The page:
This Common Health Condition is a Major Cause of Preventable Hospital Deaths

Can hospitals prevent pulmonary embolisms?Health complications caused by blood clots are a leading cause of preventable hospital deaths. One such complication is a pulmonary embolism, which occurs when blood clots travel to and block arteries in the lungs. Deaths caused by pulmonary embolisms in hospitals are surprisingly common.

Many factors can increase the risk of a pulmonary embolism. Patients with preexisting conditions like arthritis, high blood pressure, obesity or alcoholism have an increased risk. Certain medications, like birth control, also raise to risk. However, blood clots can happen to anyone after a prolonged period of bedrest.

Some deaths caused by pulmonary embolisms are preventable. Hospitals have an obligation to patients and their families to help prevent these deaths. The following policies may help:

  • Hospitals can use electronic health records to identify patients who have the highest risk of developing blood clots.
  • Patients can receive compression stockings that squeeze the legs and feet. They may also receive blood-thinning medications and other compression devices.
  • Staff can undergo training that helps them understand the risks of blood clots. Hospitals can hand out educational materials, or conduct classes explaining these dangers.
  • Hospitals can make sure patients understand the dangers posed by blood clots. Patients can report common symptoms of a pulmonary embolism, such as pain or discomfort in the chest or shortness of breath. If they are able, patients can also get up and walk around to keep the blood from clotting.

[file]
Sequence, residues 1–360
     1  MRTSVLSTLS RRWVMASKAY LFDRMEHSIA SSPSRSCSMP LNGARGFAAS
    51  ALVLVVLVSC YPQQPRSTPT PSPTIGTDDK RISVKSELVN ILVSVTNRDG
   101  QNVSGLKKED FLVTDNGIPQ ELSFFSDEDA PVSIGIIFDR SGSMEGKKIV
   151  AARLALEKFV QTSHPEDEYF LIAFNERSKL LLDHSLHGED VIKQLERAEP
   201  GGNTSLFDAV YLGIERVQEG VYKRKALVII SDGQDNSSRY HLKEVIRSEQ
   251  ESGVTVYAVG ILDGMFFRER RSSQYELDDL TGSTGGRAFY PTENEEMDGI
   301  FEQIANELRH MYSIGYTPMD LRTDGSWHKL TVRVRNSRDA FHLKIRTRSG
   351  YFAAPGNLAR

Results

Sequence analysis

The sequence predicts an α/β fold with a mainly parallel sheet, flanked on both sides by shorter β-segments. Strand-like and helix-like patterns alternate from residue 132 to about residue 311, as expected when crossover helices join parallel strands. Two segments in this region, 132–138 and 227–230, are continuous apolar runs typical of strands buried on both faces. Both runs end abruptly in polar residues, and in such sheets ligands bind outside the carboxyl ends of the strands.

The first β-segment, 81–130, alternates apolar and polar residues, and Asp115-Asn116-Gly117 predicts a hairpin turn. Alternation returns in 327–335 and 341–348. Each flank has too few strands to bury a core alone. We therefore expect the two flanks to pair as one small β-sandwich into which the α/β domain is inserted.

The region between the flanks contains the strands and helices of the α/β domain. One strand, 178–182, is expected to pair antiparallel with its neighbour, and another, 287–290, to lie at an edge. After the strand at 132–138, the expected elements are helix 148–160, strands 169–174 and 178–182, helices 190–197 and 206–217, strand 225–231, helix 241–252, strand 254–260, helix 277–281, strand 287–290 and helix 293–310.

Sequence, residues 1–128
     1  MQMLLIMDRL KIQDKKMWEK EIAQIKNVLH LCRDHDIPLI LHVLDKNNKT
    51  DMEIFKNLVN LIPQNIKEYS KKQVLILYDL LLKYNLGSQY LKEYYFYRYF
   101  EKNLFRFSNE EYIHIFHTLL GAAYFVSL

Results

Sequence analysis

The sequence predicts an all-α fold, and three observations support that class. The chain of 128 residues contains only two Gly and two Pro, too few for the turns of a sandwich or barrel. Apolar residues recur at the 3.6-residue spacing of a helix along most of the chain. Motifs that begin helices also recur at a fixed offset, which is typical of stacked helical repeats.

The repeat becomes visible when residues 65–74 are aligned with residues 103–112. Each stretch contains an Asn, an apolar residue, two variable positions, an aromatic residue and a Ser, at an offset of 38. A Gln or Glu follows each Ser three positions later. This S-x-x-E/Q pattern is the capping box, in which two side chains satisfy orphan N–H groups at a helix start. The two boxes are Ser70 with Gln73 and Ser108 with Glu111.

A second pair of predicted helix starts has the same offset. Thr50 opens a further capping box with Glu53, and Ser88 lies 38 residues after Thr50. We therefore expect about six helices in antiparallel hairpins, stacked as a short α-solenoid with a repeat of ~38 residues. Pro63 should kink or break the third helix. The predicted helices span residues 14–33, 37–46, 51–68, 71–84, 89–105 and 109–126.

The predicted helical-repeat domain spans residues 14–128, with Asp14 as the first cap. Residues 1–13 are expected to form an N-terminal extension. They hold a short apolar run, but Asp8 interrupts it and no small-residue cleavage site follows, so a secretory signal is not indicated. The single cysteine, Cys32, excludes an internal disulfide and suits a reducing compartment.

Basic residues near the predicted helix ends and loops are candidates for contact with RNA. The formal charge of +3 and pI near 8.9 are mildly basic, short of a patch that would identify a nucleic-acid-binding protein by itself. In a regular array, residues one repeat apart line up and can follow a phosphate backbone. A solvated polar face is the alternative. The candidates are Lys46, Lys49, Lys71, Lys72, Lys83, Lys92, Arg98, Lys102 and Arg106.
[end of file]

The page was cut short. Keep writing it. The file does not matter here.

Why are Pulmonary Embolisms a Cause of Preventable Hospital Deaths?

A study conducted by Johns Hopkins Hospital discovered many patients who die from complications caused by blood clots receive substandard care. According to the study, 27 percent were not prescribed drugs for preventing blood clots. Another 73 percent missed a dosage of these medications, most often due to nursing errors.

Family members of patients who died from pulmonary embolisms may have legal options to hold hospitals accountable. Some of these deaths only happen when patients do not receive adequate care. Depending on the circumstances, this may constitute medical malpractice.


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